Which mind body modalities are seeing use for treatment of pain?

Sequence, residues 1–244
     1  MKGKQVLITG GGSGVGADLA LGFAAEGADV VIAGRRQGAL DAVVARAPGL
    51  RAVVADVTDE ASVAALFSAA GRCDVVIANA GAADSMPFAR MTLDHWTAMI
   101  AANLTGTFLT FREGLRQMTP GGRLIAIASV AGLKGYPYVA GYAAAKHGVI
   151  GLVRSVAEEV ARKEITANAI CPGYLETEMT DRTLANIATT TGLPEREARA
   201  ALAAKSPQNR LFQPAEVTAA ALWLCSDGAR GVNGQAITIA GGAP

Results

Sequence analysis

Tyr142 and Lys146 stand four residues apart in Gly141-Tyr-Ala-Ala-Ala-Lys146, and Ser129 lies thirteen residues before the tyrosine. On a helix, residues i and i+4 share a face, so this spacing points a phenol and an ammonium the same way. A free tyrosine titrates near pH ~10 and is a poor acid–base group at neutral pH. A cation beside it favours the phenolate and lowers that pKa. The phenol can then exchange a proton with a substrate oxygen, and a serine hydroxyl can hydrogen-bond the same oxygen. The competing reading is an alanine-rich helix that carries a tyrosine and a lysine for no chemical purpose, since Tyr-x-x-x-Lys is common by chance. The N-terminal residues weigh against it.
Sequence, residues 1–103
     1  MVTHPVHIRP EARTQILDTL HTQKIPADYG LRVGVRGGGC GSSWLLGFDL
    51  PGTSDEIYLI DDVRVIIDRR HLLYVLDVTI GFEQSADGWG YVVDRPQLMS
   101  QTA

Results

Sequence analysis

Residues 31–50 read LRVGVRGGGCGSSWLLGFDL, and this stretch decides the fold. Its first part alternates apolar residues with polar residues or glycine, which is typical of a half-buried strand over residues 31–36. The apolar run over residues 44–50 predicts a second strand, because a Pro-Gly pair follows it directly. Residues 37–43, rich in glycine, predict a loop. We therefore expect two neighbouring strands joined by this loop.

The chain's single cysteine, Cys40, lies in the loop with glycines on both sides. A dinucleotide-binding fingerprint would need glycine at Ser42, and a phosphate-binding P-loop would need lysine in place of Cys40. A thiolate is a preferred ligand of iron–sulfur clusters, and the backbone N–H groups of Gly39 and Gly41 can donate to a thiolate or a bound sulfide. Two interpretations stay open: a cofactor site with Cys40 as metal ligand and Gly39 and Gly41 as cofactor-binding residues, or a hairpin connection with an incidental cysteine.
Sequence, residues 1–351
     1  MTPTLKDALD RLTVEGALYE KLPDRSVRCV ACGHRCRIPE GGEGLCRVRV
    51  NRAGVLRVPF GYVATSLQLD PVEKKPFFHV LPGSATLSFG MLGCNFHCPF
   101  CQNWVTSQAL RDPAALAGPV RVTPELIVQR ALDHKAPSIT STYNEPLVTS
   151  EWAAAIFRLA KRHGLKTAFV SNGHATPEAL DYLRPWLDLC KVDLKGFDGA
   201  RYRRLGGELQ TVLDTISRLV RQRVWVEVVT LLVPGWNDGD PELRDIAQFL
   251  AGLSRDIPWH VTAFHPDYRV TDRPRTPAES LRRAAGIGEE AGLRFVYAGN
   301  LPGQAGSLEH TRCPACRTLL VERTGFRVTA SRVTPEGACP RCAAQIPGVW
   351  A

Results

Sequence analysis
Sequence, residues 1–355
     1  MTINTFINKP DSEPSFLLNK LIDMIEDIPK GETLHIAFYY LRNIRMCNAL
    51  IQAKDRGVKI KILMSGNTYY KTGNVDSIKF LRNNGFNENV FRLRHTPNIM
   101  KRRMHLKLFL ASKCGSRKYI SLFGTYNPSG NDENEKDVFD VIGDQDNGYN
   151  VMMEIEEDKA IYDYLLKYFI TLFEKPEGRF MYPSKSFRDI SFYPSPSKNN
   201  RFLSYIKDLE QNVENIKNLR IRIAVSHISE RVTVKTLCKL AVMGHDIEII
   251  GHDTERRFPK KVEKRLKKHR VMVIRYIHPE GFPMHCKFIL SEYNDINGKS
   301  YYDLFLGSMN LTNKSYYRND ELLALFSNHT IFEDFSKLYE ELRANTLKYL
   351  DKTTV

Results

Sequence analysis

The use of biofeedback, cognitive behavioral feedback, or being mindful of and regulating bodily functions that are typically involuntary has frequently been taught as a tool for controlling pain; patients are taught to rethink pain and view it as something manageable, while also teaching how to regulate the changes which occur with onset of pain using relaxation techniques. There is some evidence indicating that biofeedback has use as a method for controlling chronic pain. Similarly, recent studies have shown the potential for “mindfulness,” and using meditation or yoga to change how one interprets pain have similar potential for dealing with pain. It is possible that, through meditation, the activity of the regions of the brain dealing with attention experience changes in activity, resulting in decreased activity in the part of the brain receiving pain signals from the body. Additional mind-body techniques, such as progressive muscle relaxation, deep breathing, and music therapy, can also be used to relieve pain.